The Tiger is a very comfortable bike with a huge seat and relaxed stance, making it a great mile-muncher, and its seat height is also adjustable between 840-860mm, which is good to see. Economy figures aren’t amazing with 40mpg about average but thanks to the Tiger’s big 24-litre tank, that equates to a range of around 240 miles with over 200 easily achievable before the fuel warning illuminates. Some taller owners find the standard screen a bit short (it isn’t adjustable) but that’s easily cured through an aftermarket higher screen for less than £50.



Triumph Tiger 955i (2001-2006) Equipment

The Tiger never had ABS but in 2005 an update saw the it gain panniers as standard, which is worth knowing as they are actually pretty good. Triumph also fitted a centre stand to this generation, which was available as an aftermarket accessory and is worth having as the Tiger is quite heavy and that makes it a pain to lube its chain. There are aftermarket new centre stands available for about £200 or you can get a second-hand one for around £50.

In the used market a lot of Tigers come with heated grips fitted (standard from 2005-onwards), which is always good to see on a commuter, as well as 12V power outputs and crash protection. Aftermarket exhausts are also fairly common, which ideally need to be mapped to the bike, and so are top boxes. Oddly, most top boxes tend to be aftermarket items where panniers are invariably Triumph’s own.



Triumph Tiger 955i (2001-2006) Rivals

Tiger owners are generally after a good-value workhorse, which it most certainly is. Often it is used as a second bike or winter/commuting hack.


BMW R 1150 GS (2000-2003) | Approx Price: £2000-£4500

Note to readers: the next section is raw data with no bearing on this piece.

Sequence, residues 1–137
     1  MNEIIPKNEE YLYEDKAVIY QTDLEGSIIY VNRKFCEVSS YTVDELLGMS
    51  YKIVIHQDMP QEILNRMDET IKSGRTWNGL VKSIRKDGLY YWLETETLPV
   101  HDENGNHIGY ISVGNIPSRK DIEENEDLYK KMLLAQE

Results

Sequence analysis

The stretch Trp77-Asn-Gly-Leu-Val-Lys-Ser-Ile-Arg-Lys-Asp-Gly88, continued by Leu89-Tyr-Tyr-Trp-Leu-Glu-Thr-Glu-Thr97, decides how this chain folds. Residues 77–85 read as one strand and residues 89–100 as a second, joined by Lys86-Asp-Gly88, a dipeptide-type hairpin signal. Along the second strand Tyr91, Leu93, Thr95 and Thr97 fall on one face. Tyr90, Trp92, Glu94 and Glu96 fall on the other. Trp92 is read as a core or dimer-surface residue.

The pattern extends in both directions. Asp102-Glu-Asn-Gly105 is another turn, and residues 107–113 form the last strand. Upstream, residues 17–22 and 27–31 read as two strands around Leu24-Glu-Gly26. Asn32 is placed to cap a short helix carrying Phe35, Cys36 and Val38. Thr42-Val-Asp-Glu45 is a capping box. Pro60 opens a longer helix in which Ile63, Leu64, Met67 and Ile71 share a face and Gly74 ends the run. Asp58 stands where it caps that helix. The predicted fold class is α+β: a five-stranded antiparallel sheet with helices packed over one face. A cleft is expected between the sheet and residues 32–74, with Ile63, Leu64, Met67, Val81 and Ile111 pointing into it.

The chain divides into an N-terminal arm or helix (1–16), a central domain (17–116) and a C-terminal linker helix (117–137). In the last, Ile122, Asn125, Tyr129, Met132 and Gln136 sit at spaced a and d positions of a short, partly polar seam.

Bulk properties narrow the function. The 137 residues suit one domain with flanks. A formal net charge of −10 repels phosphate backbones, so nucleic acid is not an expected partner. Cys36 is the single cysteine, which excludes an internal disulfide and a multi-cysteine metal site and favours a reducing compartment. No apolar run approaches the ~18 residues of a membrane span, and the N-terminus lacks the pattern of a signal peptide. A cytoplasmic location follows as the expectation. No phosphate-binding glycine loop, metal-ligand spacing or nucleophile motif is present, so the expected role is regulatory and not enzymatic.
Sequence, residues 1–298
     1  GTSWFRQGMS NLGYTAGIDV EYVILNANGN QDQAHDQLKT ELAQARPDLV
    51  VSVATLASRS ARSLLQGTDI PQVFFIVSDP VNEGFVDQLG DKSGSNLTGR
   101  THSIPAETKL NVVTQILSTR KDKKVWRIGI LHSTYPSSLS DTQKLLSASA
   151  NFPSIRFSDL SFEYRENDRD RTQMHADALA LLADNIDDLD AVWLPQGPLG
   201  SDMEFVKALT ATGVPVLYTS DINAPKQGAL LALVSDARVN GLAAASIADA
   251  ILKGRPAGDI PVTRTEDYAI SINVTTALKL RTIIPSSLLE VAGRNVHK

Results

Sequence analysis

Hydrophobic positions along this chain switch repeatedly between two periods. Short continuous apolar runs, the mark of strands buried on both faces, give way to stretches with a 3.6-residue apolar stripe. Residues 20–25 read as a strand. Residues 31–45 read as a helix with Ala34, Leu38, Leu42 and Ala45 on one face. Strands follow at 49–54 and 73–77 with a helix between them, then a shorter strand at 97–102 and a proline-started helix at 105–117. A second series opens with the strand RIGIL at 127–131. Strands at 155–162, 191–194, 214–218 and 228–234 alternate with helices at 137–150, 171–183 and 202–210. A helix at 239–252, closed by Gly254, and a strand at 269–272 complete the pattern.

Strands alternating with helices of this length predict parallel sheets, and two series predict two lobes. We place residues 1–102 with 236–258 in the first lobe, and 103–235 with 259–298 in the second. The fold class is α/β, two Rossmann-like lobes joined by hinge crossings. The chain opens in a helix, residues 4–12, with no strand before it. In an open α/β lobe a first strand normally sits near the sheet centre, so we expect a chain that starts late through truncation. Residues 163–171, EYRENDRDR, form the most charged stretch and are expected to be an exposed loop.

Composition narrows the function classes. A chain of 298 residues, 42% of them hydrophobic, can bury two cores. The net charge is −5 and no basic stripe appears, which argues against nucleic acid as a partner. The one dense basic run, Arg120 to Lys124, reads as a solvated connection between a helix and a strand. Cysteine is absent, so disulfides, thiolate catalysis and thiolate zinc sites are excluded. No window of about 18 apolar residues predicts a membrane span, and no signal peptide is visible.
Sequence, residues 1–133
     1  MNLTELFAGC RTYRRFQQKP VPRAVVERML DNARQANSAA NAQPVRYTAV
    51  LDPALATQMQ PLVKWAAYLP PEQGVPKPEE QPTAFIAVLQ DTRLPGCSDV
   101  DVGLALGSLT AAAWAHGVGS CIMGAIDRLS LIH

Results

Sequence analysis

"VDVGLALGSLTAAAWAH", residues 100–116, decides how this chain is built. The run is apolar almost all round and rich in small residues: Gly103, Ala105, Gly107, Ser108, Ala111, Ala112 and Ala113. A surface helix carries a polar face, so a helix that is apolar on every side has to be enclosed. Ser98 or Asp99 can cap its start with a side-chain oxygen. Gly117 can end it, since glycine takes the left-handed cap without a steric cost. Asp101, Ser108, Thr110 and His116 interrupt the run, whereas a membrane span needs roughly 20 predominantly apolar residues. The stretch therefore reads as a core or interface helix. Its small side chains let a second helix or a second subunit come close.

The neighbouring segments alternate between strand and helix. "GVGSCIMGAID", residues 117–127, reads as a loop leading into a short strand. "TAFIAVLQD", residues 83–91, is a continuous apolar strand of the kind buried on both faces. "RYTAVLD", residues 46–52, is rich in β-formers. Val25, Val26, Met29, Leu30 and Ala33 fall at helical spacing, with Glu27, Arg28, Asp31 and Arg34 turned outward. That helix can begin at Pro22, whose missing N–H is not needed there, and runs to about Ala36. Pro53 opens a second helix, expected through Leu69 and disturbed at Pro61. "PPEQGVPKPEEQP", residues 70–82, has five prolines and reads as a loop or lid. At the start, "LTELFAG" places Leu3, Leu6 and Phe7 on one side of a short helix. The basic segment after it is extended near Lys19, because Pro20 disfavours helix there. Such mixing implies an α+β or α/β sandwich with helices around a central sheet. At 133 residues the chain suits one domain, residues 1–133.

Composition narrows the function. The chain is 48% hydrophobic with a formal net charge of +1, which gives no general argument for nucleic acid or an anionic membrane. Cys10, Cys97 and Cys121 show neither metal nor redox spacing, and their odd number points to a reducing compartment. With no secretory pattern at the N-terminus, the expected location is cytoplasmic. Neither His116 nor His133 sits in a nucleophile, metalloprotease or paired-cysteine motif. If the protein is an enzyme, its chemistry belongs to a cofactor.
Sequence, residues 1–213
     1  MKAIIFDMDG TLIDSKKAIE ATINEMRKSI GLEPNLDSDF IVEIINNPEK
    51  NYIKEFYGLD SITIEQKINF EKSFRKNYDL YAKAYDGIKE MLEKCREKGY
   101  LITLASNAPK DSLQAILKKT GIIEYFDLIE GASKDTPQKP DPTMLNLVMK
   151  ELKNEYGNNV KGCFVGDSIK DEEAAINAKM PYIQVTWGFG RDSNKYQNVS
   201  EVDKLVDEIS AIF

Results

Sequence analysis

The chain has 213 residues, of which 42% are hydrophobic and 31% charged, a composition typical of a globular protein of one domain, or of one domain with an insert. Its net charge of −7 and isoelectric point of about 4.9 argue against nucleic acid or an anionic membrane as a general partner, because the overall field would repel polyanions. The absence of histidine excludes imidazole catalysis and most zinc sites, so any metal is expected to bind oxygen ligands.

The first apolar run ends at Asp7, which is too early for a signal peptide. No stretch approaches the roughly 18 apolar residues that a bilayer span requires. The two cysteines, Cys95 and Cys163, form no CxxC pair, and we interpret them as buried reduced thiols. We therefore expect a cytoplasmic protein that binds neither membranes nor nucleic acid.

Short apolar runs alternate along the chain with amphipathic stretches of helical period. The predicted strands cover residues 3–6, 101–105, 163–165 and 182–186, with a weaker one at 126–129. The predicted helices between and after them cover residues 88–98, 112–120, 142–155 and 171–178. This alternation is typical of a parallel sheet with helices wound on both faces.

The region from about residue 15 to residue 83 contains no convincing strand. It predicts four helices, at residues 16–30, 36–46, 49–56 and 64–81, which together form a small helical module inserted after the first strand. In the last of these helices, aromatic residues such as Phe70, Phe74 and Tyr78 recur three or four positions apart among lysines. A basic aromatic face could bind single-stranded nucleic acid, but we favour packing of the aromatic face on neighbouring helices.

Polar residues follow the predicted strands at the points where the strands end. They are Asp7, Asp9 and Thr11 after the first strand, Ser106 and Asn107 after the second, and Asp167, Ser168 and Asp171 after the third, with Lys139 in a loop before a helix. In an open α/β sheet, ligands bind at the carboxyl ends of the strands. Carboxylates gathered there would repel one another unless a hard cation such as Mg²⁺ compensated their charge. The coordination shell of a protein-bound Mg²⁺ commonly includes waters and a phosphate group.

Power/Torque: 85bhp/71lb-ft | Weight: 249kg


Honda Varadero 1000 (2001-2010) | Approx Price: £1300-£3000

Power/Torque: 93bhp/72lb-ft | Weight: 241kg


Suzuki V-Strom 1000 (2002-2008) | Approx Price: £1500-£3000

Power/Torque: 105bhp/68lb-ft | Weight: 238kg



Triumph Tiger 955i (2001-2006) Verdict

Very much an old-school adventure bike in its feel, the Tiger has a great triple motor but also a lot of rough edges that owners tend to just put up with. The gearbox is poor, the screen a touch short and the handling pretty uninspiring but, that said, it is a solid, comfortable and fairly reliable workhorse of an adventure bike that doesn’t cost much to buy. If you are after a well-priced machine to cover miles in comfort (with a taller screen fitted), it’s not a bad option. But it has to be said, the Tiger 1050 is much, much better.


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Triumph Tiger 955i (2001-2006) – Technical Specification

Original price


Current price range

£1000- £3000



Bore x Stroke

79mm x 65mm

Engine layout

Inline triple

Engine details

Liquid-cooled, DOHC, 12v


104bhp @ 9500rpm


67lb-ft (92Nm) @ 4400rpm

Top speed



Six-speed, chain final drive

Average fuel consumption


Tank size

24 litres

Max range to empty (theoretical)

240 miles

Reserve capacity

39 miles

Rider aids



Tubular steel perimeter

Front suspension

43mm telescopic forks

Front suspension adjustment


Rear suspension


Rear suspension adjustment

Adjustable spring preload and rebound damping

Front brake

2 x 310mm discs, two-piston calipers.

Rear brake

285mm disc, two-piston caliper.

Front tyre

110/80 - 19

Rear tyre

150-70 – 17


25.8°/ 87.9mm

Dimensions (LxWxH)

2250mm x 860mm x 1390mm



Ground clearance


Seat height


Kerb weight

239Kg Wet